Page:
Police have arrested a suspect in connection with the homicides of two women in Toronto which took place 39 years ago.
Susan Tice and Erin Gilmour were both found dead in their respective homes in 1983.
Speaking at a press conference on Monday, Toronto police Chief James Ramer said a man was arrested in Moosonee, Ont., on Nov. 24 in connection with the investigation.
Ramer said 61-year-old Joseph George Sutherland from Moosonee, Ont., was arrested and has been charged with two counts of first-degree murder.
“As relieved as we are to announce this arrest, it will never bring back Erin or Susan,” Ramer said.
Tice, a 45-year-old mother of four, was found stabbed to death in her Toronto home on Aug. 17, 1983.
She had moved to Toronto from Calgary a month before her death.
Gilmour, age 22, was found dead in the bedroom of her home on Hazelton Avenue on Dec. 20, 1983. Police said she had just gotten home from work at Robins Knits.
Officers said both women had been sexually assaulted and had been stabbed to death.
According to police, Tice and Gilmour did not know each other.
Police said the two homicides were been linked by DNA in 2000.
Speaking at the press conference Monday, Det. Sgt. Steve Smith from the force’s homicide and missing persons unit cold case section, said the force used a technology called investigative genetic genealogy (IGG) to identify a suspect.
“I’ll tell you that the only way that this was solved was the advances in science,” Smith said. “We’re able to use investigative genetic genealogy to narrow down a suspect family, and from there we were able to narrow down a suspect, who is obviously under arrest today.”
According to Smith, Sutherland was “not a suspect or a person of interest” in the case, until the IGG technology was used.
“If we hadn’t utilized this technology, we never would have came to his name,” Smith said.
Smith said Sutherland had been served with a DNA warrant.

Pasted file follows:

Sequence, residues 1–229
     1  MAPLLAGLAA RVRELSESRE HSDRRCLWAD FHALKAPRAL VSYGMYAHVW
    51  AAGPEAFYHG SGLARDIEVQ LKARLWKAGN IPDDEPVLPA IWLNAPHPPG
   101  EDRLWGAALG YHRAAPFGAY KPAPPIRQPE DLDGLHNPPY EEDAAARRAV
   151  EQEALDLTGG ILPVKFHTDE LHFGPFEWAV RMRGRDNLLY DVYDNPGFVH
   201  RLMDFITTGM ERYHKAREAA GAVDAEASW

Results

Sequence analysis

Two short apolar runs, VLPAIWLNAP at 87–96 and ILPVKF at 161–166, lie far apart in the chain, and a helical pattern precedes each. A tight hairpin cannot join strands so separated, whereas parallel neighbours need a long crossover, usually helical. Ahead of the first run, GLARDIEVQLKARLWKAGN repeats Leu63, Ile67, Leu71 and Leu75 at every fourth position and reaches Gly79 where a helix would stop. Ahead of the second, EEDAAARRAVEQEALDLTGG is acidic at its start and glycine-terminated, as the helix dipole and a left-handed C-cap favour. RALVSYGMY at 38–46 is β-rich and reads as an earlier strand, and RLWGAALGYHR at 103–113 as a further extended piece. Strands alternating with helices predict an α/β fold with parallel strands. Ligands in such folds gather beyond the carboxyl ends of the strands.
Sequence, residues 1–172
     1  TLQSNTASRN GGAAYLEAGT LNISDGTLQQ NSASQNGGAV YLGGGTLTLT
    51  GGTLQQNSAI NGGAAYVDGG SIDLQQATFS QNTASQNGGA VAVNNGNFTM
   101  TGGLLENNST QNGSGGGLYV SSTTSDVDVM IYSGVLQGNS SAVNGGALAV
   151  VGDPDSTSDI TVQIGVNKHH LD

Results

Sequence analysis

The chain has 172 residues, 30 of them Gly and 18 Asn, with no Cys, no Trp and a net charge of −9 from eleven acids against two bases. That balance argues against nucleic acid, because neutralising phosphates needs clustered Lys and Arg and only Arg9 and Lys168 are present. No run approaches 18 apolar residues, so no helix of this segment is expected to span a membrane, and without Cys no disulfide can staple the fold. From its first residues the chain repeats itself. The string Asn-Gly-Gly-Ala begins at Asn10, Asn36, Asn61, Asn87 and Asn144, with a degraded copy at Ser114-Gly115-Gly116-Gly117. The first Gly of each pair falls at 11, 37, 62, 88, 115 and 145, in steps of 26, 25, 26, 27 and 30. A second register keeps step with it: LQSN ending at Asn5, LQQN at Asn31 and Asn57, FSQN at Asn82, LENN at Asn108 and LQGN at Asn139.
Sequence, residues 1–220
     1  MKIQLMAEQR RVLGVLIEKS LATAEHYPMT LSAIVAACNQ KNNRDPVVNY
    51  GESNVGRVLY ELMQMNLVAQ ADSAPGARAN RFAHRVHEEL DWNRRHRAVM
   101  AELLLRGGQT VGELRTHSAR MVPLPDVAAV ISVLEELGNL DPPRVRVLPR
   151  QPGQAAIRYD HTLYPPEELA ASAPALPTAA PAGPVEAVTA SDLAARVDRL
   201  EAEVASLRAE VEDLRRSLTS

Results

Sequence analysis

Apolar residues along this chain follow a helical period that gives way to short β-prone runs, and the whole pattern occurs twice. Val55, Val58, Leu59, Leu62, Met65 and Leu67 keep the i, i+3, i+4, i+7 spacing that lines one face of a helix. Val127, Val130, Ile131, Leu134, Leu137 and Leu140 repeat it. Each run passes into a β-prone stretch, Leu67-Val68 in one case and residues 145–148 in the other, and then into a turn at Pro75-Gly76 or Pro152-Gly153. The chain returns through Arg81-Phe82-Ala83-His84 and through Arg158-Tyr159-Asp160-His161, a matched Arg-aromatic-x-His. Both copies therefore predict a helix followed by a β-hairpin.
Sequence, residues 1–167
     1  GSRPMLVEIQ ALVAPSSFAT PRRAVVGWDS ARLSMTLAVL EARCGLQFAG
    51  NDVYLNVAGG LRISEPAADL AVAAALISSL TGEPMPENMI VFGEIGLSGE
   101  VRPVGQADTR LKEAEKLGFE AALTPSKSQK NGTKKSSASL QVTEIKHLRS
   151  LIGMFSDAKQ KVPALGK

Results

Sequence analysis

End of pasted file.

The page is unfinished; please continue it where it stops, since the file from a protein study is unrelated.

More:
Sutherland was taken into custody by Ontario Provincial Police in Moosonee, where he was living, police said. He was then picked up by Toronto police.
According to Smith, there were “no issues whatsoever” during the arrest.
Smith said Sutherland was living in Toronto at the time of the incidents, but has lived in several places across Ontario since 1983.
“Now that suspect has been in Ontario for 39 years since these murders,” Smith said. “So obviously, we’re going to look into every possible connection to any possible case, throughout Ontario, to ensure that he isn’t responsible for any other offences.”
Smith said the accused has a family and an extended family, most of whom live in northern Ontario.
According to police, Sutherland is scheduled to appear in court on Dec. 9.
Gilmour’s brother, Sean McCowan, said the family is “very, very happy” that an arrest has been made.
“The last few days have bought or brought around a full spectrum of emotions, as you can imagine, and this is a day that I and we have been waiting almost an entire lifetime for,” he said. “In a sense, there’s a real relief that someone’s been arrested, yet it also brings back so many memories of Erin and her brutal, senseless murder.”
McCowan said Gilmour was an “amazing friend to everyone around her,” had a “magnetic personality,” was a “natural beauty and was always full of life and looking for her next adventure.”
McCowan said his sister “had her whole life ahead of her before she was killed five days before Christmas.”
“There was an incredible life to be lived, that was taken away from her and the rest of us,” he said. “We will always wonder what could have been and miss her presence and miss growing old with her.”
He said the family never “gave up hope” that an arrest would be made in connection with Gilmour’s murder.
“But almost over four decades, we began to wonder if we would ever get to this resolution,” McCowan said. “We’re so thankful that technology finally caught up and provided the incredible detectives at TPS a new set of clues and ultimately an answer. We cannot thank the detectives and cold case enough.”